Gardening Magazines as Winter Lifeline and Teacher


1994 was the year I caught the gardening bug big-time and found my life changed in exciting ways. Fg It was all just SO COOL – until the following winter, when I found myself totally bereftFrom then on, winters have meant me not only a touch of the aptly acronymed SAD; they’ve brought withdrawal symptoms and the quest for something to do with my spare time that I could do.

Design_1The solution that first winter was the discovery of gardening magazines, which I devoured for their inspiring photos spreads, their plant ideas, their how-to’s.  Hell, I loved them cover to cover.  I even indulged my new addiction by ordering every issue of Fine Gardening ever published and devouring them, too.  Subscriptions to Garden Design and Horticulture soon followed, though without the compulsive back-issue-collecting.

But garden magazines have done more for me than just get me through the winter;Hortmag_1 they’ve
been the single greatest source of my gardening education and I can’t
imagine how else I could have learned most of what I know.  And it took
a survey that Stuart recently conducted – "What gardening magazines do
you read?" – and the amazing answers – basically "None" – to make me realize
their importance to me.  People, why not?  And if not, how have you learned to garden?  Seriously – enlighten me!

Having exhausted back issues of Fine Gardening that first winter, I’ve since tried lots of other winter survival tactics.  There was the year I collected catalogues and obsessed over my orders.  There were experiments with seed-starting, a form of gardening I found both high-maintenance and low-satisfaction.  More recently I’ve tried dried flower arranging, with some nice results.  I’ve enjoyed repairing and painting the old birdhouses a prior owner made back in the ’50s.  Last year I painted the concrete leaf impressions and pavers I’d made the summer before.  And after reading responses to yesterday’s post about houseplants, especially the suggestions for more exciting plants than the usual philodendrons, there might even come a frigid day when I give them a try.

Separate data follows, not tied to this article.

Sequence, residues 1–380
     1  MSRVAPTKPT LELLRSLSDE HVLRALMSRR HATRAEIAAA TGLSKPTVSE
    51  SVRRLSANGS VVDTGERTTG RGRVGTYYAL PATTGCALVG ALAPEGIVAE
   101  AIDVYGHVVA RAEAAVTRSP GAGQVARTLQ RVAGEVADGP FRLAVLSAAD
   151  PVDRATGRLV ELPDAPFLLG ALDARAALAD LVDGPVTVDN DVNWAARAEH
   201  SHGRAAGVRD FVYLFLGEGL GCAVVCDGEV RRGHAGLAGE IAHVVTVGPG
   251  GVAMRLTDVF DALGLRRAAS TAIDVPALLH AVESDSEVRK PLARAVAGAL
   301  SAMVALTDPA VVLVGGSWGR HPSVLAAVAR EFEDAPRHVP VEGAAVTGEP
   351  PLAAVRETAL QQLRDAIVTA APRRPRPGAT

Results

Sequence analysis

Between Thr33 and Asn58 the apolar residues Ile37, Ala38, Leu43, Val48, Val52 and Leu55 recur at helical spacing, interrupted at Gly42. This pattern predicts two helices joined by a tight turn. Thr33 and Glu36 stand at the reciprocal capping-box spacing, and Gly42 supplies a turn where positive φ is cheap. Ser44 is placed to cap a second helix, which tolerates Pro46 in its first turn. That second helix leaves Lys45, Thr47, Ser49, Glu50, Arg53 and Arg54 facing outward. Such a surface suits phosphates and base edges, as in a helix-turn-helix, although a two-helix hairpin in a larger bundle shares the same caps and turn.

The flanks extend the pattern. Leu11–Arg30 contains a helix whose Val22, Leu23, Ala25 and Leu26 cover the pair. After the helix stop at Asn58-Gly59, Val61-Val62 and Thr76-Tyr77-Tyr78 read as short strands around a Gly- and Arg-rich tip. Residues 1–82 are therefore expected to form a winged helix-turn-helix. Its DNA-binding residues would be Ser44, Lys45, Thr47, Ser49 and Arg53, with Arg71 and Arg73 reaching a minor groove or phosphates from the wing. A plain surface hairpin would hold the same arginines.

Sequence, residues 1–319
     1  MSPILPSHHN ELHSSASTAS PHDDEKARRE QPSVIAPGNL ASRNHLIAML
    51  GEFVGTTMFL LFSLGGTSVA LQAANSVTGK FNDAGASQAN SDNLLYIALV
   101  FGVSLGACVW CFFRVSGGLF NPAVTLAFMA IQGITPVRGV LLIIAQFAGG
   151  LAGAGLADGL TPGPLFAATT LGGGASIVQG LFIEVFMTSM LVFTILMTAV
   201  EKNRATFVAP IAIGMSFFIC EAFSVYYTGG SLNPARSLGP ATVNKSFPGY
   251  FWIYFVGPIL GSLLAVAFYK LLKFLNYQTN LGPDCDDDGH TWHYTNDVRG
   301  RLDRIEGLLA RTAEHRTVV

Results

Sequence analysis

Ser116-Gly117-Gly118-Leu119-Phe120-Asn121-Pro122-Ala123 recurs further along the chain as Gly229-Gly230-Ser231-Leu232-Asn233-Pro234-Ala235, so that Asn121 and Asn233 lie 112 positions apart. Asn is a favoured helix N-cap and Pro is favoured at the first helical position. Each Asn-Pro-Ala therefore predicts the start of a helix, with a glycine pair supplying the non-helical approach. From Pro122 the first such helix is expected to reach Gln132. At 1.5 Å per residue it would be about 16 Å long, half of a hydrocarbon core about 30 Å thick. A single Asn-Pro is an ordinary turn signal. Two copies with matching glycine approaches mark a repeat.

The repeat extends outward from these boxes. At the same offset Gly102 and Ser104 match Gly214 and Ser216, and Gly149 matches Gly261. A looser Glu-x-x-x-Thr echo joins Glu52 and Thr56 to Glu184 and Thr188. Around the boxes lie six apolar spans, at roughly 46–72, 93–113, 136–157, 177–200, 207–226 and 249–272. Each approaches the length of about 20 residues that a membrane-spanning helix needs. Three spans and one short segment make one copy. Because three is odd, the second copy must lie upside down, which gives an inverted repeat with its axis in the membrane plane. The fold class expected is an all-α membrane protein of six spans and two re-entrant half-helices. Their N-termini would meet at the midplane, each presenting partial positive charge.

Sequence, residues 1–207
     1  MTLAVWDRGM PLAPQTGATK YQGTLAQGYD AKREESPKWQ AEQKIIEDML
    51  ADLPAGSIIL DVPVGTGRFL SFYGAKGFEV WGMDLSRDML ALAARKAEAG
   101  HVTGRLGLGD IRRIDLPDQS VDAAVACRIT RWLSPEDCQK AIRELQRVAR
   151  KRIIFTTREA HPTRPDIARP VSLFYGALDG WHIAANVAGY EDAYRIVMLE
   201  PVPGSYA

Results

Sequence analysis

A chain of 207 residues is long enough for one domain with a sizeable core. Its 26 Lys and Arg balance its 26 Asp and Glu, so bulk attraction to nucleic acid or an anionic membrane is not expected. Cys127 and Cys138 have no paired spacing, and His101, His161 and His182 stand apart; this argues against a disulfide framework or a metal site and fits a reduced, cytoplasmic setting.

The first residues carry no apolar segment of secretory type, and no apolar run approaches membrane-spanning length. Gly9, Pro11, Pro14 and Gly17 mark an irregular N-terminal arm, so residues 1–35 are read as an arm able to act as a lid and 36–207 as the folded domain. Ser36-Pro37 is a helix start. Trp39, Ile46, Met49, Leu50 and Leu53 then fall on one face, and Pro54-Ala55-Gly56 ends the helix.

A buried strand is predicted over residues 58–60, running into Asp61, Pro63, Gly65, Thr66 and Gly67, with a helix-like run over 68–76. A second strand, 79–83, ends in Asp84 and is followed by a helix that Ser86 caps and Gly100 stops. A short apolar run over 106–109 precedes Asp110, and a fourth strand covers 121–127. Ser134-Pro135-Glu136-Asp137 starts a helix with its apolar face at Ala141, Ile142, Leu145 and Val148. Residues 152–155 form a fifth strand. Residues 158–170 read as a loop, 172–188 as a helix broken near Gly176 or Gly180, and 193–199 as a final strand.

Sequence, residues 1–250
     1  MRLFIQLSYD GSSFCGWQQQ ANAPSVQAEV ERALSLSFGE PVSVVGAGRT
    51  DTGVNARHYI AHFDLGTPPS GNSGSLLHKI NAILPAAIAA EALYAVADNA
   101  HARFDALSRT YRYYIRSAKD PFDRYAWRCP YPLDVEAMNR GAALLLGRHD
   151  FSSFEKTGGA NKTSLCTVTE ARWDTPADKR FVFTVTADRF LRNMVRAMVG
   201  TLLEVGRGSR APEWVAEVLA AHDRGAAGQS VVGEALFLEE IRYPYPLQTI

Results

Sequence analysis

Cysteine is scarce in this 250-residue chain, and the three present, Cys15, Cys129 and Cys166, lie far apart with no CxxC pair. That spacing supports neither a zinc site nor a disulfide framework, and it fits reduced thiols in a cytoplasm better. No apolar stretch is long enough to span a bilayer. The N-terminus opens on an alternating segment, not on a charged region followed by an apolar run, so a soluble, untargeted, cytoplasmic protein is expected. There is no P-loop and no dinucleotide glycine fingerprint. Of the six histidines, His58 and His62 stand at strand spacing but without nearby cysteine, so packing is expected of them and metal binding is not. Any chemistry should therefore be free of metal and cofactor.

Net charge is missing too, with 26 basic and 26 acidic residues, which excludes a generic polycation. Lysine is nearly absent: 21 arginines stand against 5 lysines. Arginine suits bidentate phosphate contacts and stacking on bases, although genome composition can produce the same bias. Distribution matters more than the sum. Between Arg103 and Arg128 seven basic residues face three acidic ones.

Snowwoods_1But really, what’s become my primary gardening substitute in winter is very simple – strolling in the garden and walking in the woods.  Because gardening is just as much about being outdoors IN NATURE as it is manipulating natural elements like dirt and plants.  It’s being in nature that keeps me sane more than anything, and it’s awfully beautiful out there with a blanket of snow, you know.  Now maybe if we haven’t yet screwed up our planet irrevocably, the temperatures will drop, snow will fall, and I’ll walk down this path, camera in hand.


  1. I have enjoyed the odd magazine from time to time, but I haven’t ever been a gardening magazine subscriber… thinking on it now, I realize that most of my gardening knowledge comes from 1) trial-and-error, and yes, talking to the plants, 2) observations and conversations with other gardeners, 3) a few beloved gardening/plant/horticulture books, and 4) googling.

    Perhaps I’ll give one of your favorites a try next year, and see just what I’m missing! 😉

  2. I confess to being another member of the every-issue-of-Fine-Gardening club. And I do go back to those old issues when I need certain information. Gardening magazines have not only been the foundation of my gardening knowledge, but have also been my first introduction to some of my favorite garden authors, whose books I went on to read after reading their articles or essays I had come across in magazines.

  3. For me it was books. The magazines are great as far as they go–but they’re awfully slim compared to some of my cooking and wine mags. I’d like them to be more substantive.

  4. I learned much first hand spending summers helping my grandparents with a garden filled with much of the food they ate.
    The first magazine I was drawn to was Organic Gardening,
    currently it is Mother Earth News.

    The biggest influence have been books with ‘The One Straw Revolution’ by Masanobu Fukuoka being of most importance then later ‘Noah’s Garden’by Sara Stein.
    Strangely I was late to read Rachel Carsons ‘Silent Spring’and was only moved to read her words by other writers siting her work.
    The first book I used when wanting to grow flowers was a Reader’s Digest Illustrated Guide to Gardening from my Mother. I still have it. LOL…